Dryer Repair Tips

Dryer Repair Tips

Welcome to Authorized Appliance Service Free Dryer Repair Tips! We have compiled a variety of tips to assist you in making your dryer repairs.

The Technical help information provided by Authorized Appliance Service is intended for use by qualified service technicians. If you do not possess sufficient mechanical and electrical skills and the ability to follow all safety warnings and cautions on the product, in the product literature, and in these materials, do not attempt to undertake the repairs that are depicted in the information to be provided.

Instead, contact a qualified Authorized Appliance Service Technician (click here) or request additional technical help. (click here)

Dryer Won’t Heat

  • To determine the cause of no heat, you will need a multi-meter, and, if possible, the wiring diagram for the heating circuit. Components to be checked are the power supply, thermal fuse, heat element, thermostat (2), belt switch (if present), motor switch, and timer.
  • The dryer motor runs on 110 – 125 VAC, while the heat circuit requires 205 – 250 VAC to operate. It is possible for one side of the circuit to be bad and the other side to supply the voltage to the motor, allowing the motor to run, but no heat to be generated.

Dryer Won’t Turn On

  • First ascertain that the wall outlet is supplying a minimum of 205 VAC across the two hot legs, and 110 VAC from each hot leg to neutral. With the dryer disconnected from the power supply, check continuity across the door switch with the door closed and wires removed from the switch. If there are three wires, the switch contacts will be marked C for common, NO for normally open, and NC for normally closed.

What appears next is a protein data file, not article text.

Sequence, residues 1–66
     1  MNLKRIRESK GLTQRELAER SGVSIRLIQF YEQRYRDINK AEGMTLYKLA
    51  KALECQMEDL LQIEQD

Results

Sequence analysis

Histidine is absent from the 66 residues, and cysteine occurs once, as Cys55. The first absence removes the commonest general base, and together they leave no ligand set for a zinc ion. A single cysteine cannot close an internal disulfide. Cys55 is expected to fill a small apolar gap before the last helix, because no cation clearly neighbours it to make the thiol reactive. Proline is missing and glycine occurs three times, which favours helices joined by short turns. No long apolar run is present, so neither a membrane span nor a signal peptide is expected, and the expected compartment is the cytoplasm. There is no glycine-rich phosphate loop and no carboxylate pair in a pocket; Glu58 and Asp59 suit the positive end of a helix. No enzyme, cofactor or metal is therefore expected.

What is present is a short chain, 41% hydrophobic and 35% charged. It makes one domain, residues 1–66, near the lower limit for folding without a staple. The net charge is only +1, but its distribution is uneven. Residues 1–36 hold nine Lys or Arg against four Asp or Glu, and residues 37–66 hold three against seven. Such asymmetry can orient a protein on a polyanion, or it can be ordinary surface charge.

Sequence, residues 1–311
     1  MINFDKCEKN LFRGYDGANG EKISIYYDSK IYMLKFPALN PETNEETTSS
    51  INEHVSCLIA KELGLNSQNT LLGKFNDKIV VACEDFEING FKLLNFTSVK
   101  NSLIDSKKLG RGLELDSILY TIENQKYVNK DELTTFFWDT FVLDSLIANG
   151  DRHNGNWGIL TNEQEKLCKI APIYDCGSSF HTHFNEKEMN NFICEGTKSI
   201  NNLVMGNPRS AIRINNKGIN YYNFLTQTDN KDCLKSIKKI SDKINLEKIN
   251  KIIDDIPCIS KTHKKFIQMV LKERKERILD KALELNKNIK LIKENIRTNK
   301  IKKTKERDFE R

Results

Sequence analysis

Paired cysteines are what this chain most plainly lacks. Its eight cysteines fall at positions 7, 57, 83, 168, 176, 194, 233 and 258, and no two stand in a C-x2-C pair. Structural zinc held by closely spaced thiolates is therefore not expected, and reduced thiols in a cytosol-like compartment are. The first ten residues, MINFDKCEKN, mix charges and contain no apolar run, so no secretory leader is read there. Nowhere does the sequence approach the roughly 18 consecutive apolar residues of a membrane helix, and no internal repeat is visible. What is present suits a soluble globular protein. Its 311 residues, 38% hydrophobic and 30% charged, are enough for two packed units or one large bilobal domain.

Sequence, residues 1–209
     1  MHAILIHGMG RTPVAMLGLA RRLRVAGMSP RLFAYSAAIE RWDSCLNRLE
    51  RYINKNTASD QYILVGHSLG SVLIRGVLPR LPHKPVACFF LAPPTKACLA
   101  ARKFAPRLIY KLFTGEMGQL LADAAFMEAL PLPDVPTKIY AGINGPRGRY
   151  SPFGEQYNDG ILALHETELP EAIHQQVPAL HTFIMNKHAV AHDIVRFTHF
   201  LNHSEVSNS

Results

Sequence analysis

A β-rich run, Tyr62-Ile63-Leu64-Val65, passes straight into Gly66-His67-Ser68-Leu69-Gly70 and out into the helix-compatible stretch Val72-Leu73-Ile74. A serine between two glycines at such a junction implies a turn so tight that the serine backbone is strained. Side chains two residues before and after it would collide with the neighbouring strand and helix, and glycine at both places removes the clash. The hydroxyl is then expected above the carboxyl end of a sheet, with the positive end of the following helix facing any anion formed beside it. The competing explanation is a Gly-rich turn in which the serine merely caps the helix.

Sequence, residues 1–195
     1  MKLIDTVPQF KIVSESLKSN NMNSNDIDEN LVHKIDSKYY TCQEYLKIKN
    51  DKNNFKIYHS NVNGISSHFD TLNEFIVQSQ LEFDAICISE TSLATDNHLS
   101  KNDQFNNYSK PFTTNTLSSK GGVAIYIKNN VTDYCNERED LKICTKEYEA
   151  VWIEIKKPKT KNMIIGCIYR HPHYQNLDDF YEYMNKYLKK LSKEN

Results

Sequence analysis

• With the door closed, there should be continuity between C and NO, and with the door open, continuity between C and NC.

  • The next thing to check is continuity across the terminal of the start switch. There should be no continuity until the switch is actuated. If this all checks out ok, a wiring diagram is going to be helpful for the remaining steps.

  • The timer contacts need to be checked against the timer chart that is on the wiring diagram, the thermal fuse needs to be checked on certain models, and the motor overload needs to be checked.

  • If no problems have been found at this point, each wire will have to be checked from the timer through to the motor for continuity. Check each wire individually and reconnect each wire after it is checked. If you have completed the complete check out procedure and still have not located a fault, put everything back together and try the dryer again.

  • Often times, there has been a poor connection that was corrected just by removing and then reconnecting a wire. At this point, if the dryer still won’t start, I strongly recommend calling a qualified professional, as the dryer is going to have to be checked further, with power applied. This is dangerous, and beyond the scope of these tips.

Dryer Takes A Long Time To Dry

  • If heat is being generated, but drying time are increased, this indicates an air flow problem most commonly caused by a clogged external vent, or a clogged airway within the dryer.